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  • brian December 19, 2008 at 11:25 am

    again, does Wsbob even like bikes?

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  • Jeff TB December 19, 2008 at 11:56 am

    Jim Labbe said “Dogs off leash and trail poaching by cyclists are two activities where there is a particular need for better education and better enforcement.”

    Jim, These are user conflict issues. But the context in which you point out these two activities suggest that bikes and dogs are high on a list of park habitat and wildlife threats. I find this hard to believe. I can think of several other threats with far greater impact and greater need for better education.

    Sorry to get a bit off topic.

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  • Jim Labbe December 19, 2008 at 11:56 am

    wsbob: Just to clarify, mountain bikers with their bikes are NOT excluded from Forest Park. There are 28 miles of unpaved road and firelines open to mountain bikes in Forest Park. The issue in Forest Park is single track riding which is one type of mountain biking.

    I obviously don’t agree that this is an issue of entitlement, for hikers, cyclists, or any subset, or sub-sub-set of user. There are a lot of Portlanders who never go to Forest Park who still want it managed in a way conserves its resources for present and future generations. Those values are articulated goals and policies in the Forest Park Management Plan.

    I agree the long-term success in managing impacts from single-track mountain biking will necessitate enlisting responsible single-track users with other park users and advocates in fostering low impact trail development, maintenance and use.

    I think we all need recognize that Forest Park has a limited capacity to sustainably provide recreational opportunities including single-track. While I support the conditional expansion of single-track trails in Forest Park, there needs to be greater focus on efforts to develop single-track trails outside existing protected natural areas. The work of on the Gateway Green project is a great example of mountain biking and greenspace advocates working together to expand the parks and greenspace system to accommodate single track uses.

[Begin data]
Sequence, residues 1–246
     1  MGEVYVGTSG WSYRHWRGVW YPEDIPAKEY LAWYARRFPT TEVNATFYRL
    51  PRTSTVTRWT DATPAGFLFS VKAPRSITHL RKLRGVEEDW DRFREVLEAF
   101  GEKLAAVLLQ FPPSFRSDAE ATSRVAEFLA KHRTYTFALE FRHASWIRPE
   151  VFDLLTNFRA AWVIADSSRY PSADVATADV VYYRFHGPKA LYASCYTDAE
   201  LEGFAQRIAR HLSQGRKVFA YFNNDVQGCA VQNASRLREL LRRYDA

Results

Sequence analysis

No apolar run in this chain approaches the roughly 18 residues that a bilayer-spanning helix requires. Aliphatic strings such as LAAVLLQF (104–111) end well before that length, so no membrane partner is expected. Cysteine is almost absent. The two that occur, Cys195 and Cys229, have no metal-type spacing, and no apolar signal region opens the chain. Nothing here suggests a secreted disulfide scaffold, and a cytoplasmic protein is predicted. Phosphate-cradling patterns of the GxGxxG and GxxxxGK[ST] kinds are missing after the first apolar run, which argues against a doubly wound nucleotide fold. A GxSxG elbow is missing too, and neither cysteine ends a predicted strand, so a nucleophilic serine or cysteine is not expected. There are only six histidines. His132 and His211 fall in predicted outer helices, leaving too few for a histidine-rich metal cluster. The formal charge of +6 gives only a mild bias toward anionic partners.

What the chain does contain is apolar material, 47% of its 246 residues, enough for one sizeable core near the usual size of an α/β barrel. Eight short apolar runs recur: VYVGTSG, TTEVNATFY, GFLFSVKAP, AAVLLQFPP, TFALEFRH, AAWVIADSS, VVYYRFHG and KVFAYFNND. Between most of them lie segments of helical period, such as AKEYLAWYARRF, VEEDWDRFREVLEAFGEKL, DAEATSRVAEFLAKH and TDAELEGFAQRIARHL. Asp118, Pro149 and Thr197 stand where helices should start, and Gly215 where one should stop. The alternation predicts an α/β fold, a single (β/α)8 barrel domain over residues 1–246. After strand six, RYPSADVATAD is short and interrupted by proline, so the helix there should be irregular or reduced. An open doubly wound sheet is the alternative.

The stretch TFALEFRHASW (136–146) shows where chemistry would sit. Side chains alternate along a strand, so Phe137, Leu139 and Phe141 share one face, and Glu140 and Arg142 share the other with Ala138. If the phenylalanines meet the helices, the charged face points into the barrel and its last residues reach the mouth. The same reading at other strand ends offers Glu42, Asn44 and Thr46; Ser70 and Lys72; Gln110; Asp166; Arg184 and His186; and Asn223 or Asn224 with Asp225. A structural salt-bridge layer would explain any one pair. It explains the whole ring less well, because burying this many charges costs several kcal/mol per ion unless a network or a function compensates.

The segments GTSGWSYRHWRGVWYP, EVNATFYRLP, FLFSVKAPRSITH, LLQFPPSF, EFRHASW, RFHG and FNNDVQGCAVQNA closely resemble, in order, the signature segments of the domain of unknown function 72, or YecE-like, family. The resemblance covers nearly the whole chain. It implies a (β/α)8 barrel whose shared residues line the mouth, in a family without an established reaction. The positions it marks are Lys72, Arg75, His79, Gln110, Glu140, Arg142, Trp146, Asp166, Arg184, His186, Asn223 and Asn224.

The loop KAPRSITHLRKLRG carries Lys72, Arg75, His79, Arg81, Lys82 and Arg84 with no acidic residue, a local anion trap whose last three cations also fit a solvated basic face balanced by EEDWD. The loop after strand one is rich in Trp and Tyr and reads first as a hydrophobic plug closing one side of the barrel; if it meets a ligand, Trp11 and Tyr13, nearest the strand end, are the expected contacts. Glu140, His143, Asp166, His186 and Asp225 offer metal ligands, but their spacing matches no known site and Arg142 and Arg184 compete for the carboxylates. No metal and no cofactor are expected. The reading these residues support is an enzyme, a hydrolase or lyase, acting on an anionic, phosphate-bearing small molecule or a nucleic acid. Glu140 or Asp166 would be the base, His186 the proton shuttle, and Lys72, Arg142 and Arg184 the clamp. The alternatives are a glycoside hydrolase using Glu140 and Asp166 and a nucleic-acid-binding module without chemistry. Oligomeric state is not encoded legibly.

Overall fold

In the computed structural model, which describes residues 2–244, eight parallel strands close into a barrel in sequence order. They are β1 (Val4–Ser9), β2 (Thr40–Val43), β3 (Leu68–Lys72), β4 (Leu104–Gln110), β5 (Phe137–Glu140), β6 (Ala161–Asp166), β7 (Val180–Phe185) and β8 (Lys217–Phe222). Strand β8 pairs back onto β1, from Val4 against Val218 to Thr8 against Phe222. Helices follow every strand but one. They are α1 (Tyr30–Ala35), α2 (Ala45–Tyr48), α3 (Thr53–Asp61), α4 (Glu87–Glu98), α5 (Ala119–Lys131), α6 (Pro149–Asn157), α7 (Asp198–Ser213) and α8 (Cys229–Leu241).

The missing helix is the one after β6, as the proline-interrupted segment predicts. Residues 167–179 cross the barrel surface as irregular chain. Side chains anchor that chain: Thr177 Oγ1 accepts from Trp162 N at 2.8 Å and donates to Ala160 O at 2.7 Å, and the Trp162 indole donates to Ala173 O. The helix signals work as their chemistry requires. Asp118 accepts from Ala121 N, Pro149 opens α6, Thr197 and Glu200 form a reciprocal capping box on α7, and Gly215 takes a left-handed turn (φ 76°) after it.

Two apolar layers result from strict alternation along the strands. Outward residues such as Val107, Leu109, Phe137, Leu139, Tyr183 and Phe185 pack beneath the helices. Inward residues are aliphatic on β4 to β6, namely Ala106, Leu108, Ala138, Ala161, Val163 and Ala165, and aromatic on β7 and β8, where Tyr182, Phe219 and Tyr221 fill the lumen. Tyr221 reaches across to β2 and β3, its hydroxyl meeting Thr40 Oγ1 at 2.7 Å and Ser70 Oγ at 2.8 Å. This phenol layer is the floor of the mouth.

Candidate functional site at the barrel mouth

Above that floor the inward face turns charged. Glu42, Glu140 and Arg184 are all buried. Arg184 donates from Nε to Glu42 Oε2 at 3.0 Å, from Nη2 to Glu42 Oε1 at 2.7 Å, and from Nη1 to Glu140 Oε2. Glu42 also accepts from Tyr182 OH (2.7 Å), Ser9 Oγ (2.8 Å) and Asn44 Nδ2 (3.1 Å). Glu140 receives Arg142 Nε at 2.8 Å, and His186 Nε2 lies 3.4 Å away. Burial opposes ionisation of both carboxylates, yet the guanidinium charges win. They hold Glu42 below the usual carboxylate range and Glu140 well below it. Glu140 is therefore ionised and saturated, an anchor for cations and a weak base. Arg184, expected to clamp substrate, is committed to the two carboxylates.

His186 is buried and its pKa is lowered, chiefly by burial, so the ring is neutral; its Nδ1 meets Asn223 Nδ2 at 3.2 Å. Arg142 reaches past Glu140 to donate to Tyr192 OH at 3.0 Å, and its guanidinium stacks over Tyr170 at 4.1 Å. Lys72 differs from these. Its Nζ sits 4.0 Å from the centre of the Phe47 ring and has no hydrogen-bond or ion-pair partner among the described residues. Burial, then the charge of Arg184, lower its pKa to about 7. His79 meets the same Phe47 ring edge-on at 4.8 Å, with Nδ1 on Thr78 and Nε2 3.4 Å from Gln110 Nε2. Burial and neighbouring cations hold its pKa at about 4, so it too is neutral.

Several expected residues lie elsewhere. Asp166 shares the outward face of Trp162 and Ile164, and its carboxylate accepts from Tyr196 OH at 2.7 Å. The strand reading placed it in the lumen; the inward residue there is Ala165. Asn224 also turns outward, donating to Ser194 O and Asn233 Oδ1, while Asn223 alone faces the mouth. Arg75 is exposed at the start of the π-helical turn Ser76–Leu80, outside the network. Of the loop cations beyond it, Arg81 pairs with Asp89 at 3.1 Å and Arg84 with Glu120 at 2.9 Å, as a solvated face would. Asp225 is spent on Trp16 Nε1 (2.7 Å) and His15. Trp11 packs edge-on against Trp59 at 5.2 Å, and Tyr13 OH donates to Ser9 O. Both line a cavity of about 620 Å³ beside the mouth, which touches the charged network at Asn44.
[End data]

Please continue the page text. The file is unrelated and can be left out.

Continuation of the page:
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  • wsbob December 19, 2008 at 1:04 pm

    Jim, thanks for that clarification. I wrote:

    “With some exceptions, it’s only their bikes that are excluded from the park.”

    That could have been expressed in a different way to emphasize how much of FP actually is accessible to MBkrs with their bikes. As you remind us: “…28 miles of unpaved road and firelines open to mountain bikes in Forest Park.” Actually, that seems like a lot of already available riding opportunity in FP.

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  • toowacky December 19, 2008 at 1:26 pm

    I thought that the following link might be relevant to this discussion of single-track in FP. In it, Jim (Labbe, contributor to this thread on BikePortland) is interviewed as well as an IMBA representative on the issue of increased single-track access in FP:

    Portland Mountain Bikers Seeking Increased Access to Urban Singletrack Trails


    I think it’s a well written article that helps bring a greater understanding to the challenges that exist.

    Also, I believe it’s important to respect where people on the many sides of this issue are coming from. Jim’s position as an Urban Conservationist for the Audubon Society obviously will conflict, IMO, by definition, with increased access by any user of the park. However, I appreciate the efforts that go into the conservation of FP that keep it the wonderful place that we, as MTB’ers, want to access.

    In that article, Jim states that the Audubon Society “support(s) expanded singletrack mountain biking in Forest Park in the appropriate places and with

    1) A design that avoids, minimizes and appropriately mitigates impacts to the Park’s natural resources [and]

    2) Increased resources to manage the existing and added recreational impacts to the park.”

    With the proper planning, and stewardship of mountain bikers, hopefully we can work to expand access to single track trails for MTB’ers in Forest Park _and_ help provide these “increased resources” to manage the access. Win-win, perhaps?


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  • ME2 December 19, 2008 at 1:33 pm